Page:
UM Global Academy offers high schoolers cutting-edge educational opportunity

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During commencement season, one group of students is meeting each other for the first time.

They are high school students who have decided to enroll in the University of Miami’s Global Academy (UMGA), an online private high school that began in 2009.

“Once the students see each other face-to-face it takes about five minutes for that friendship to be rekindled,” said Craig Wilson, headmaster of UMGA and associate dean of the Division of Continuing and International Education

UMGA offers more than 135 specialized online college preparatory courses for its students. Honors and Advanced Placement courses are also available in the curriculum.

Students who enroll with UMGA have the option of taking individual courses or registering as a part-time or full-time student. Full-time students take six credits per year.

Though online classes would seem to pose a barrier between students and teachers, Wilson feels that UMGA is different.

“For UM, what sets us apart is our dedication to a very strong interaction between teachers and students,” he said. “At UMGA, we keep that tradition.”

UMGA classes are capped at 25 students, and between 250-275 students are enrolled per year.

The majority of the students originate from the U.S., but more international students are electing to enroll in UMGA because of the rising value of a diploma from the United States.

Each student has a personalized class schedule, making most of their student-teacher interactions occur through the online portal and social media.

“I find the biggest challenge is going out of our way to make sure students have a positive and strong interaction with each other and their teachers,” Wilson said.

UMGA teachers are Florida-certified and have been trained in online teaching.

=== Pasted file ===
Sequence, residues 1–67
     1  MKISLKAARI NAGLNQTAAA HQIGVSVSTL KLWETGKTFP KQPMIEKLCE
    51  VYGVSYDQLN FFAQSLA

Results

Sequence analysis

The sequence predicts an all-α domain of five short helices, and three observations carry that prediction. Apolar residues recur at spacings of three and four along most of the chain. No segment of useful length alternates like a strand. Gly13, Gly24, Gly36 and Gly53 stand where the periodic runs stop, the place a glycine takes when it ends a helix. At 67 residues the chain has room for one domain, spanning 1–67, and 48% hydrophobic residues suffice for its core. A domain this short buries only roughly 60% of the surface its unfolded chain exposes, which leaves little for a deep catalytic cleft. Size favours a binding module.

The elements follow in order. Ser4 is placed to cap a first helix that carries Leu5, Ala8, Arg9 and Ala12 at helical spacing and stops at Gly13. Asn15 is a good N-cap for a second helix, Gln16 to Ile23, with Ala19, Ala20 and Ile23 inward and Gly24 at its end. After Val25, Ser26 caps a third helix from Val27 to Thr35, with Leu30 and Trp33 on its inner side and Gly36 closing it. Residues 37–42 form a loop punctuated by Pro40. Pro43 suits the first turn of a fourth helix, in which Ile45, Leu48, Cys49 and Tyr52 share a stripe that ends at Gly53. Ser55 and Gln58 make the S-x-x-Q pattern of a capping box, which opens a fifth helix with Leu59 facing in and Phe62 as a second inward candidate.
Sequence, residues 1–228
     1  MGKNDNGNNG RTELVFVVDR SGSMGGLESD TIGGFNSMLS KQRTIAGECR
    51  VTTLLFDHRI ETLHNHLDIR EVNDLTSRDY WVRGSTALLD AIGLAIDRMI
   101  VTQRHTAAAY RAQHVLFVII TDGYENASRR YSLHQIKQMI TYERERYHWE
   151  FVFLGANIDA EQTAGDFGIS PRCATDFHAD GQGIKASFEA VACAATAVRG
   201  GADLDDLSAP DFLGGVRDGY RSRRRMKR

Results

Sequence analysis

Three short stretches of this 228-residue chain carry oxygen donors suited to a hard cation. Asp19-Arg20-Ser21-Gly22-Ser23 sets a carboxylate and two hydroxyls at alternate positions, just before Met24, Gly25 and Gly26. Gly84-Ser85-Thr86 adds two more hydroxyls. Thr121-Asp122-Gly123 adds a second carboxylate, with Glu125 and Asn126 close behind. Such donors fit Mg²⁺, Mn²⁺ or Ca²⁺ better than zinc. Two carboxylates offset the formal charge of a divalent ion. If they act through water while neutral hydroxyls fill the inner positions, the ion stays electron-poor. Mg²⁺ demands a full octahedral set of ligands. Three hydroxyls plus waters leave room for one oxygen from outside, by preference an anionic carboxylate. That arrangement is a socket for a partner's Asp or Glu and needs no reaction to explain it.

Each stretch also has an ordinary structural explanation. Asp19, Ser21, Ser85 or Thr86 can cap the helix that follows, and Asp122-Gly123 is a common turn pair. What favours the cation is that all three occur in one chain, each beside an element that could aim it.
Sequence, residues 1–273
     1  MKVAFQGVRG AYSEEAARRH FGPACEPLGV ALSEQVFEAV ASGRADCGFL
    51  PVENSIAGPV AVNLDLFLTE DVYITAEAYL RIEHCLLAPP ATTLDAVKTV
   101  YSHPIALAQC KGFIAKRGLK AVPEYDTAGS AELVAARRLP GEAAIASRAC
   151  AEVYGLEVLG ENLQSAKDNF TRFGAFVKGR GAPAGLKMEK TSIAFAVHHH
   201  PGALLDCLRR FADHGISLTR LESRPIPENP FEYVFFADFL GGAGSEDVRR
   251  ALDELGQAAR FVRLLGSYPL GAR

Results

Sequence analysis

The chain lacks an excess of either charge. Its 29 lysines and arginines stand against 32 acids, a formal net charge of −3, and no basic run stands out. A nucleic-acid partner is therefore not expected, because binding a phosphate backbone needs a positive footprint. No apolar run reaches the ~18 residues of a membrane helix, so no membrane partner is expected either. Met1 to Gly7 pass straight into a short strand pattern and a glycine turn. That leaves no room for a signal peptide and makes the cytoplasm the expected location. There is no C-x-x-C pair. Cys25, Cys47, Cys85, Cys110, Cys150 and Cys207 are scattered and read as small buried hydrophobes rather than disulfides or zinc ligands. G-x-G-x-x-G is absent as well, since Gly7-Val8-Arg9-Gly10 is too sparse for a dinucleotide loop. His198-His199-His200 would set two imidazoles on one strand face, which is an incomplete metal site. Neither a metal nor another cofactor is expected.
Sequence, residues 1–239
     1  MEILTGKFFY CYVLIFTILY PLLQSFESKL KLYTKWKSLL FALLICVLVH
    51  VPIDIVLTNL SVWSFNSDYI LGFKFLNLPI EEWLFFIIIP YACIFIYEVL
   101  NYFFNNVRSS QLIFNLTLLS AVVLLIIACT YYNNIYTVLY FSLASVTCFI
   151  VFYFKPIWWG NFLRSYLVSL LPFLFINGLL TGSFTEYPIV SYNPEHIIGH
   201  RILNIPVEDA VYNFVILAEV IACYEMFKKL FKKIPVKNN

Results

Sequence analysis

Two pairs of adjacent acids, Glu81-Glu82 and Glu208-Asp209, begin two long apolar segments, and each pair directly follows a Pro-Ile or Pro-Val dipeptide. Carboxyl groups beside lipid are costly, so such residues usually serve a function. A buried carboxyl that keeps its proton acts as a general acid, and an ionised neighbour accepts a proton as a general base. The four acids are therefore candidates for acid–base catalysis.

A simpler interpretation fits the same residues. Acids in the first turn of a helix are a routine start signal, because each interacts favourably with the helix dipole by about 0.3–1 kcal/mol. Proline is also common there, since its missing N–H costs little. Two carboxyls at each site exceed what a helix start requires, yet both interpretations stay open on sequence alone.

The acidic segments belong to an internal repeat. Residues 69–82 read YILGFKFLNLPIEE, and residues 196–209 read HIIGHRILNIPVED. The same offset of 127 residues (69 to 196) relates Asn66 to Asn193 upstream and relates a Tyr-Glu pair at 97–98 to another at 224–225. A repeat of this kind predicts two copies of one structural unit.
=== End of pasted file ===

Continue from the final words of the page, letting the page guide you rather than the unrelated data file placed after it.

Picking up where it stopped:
Teachers are taught to tailor individual course material to benefit each student’s need. Students who learn at different paces are not at a disadvantage in the learning process.

Full-time students are also required to complete a community-based service-learning project. Other UMGA students are highly recommended to work on one.

The project gives students a chance to apply what they have learned in the classroom to real life and their community.

Undergraduate students at UM, like junior Max Sanchez, feel that the program is beneficial because it connects students to their communities.

“It’s important for students to diverge themselves in service,” he said. “Since others aren’t as fortunate, it’s important to give back to the local community.”

UMGA fosters social involvement among students with honors societies, a student newspaper, a science club, a Parent Teacher Committee and UMGAther, the school’s social media site.

The school has received accreditation from the National Collegiate Athletic Association, Southern Association of Colleges and Schools and the Florida Council of Independent Schools.

“What we’re doing now is a constant state of improvement,” Wilson said. “If it’s done right, we think online learning is here to stay.”

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